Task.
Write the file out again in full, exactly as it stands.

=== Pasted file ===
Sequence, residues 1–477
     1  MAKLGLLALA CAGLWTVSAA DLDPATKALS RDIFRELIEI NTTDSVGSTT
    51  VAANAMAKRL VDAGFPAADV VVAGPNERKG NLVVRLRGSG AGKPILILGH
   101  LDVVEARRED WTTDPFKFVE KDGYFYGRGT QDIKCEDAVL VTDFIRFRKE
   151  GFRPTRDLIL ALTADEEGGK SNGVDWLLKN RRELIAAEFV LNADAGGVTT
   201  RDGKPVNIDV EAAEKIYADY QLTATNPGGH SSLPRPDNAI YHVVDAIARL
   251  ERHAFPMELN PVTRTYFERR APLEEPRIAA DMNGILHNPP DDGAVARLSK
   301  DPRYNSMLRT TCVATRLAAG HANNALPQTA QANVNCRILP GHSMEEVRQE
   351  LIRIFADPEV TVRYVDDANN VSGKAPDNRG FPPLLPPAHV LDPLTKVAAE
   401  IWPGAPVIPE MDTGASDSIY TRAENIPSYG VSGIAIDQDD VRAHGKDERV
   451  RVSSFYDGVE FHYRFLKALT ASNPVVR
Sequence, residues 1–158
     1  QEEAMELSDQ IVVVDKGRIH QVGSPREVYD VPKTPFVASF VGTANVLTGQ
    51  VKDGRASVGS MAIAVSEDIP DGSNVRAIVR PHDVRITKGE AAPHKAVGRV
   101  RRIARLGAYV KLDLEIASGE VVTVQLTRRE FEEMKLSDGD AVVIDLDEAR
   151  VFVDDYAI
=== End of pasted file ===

Sequence, residues 1–477
     1  MAKLGLLALA CAGLWTVSAA DLDPATKALS RDIFRELIEI NTTDSVGSTT
    51  VAANAMAKRL VDAGFPAADV VVAGPNERKG NLVVRLRGSG AGKPILILGH
   101  LDVVEARRED WTTDPFKFVE KDGYFYGRGT QDIKCEDAVL VTDFIRFRKE
   151  GFRPTRDLIL ALTADEEGGK SNGVDWLLKN RRELIAAEFV LNADAGGVTT
   201  RDGKPVNIDV EAAEKIYADY QLTATNPGGH SSLPRPDNAI YHVVDAIARL
   251  ERHAFPMELN PVTRTYFERR APLEEPRIAA DMNGILHNPP DDGAVARLSK
   301  DPRYNSMLRT TCVATRLAAG HANNALPQTA QANVNCRILP GHSMEEVRQE
   351  LIRIFADPEV TVRYVDDANN VSGKAPDNRG FPPLLPPAHV LDPLTKVAAE
   401  IWPGAPVIPE MDTGASDSIY TRAENIPSYG VSGIAIDQDD VRAHGKDERV
   451  RVSSFYDGVE FHYRFLKALT ASNPVVR
Sequence, residues 1–158
     1  QEEAMELSDQ IVVVDKGRIH QVGSPREVYD VPKTPFVASF VGTANVLTGQ
    51  VKDGRASVGS MAIAVSEDIP DGSNVRAIVR PHDVRITKGE AAPHKAVGRV
   101  RRIARLGAYV KLDLEIASGE VVTVQLTRRE FEEMKLSDGD AVVIDLDEAR
   151  VFVDDYAI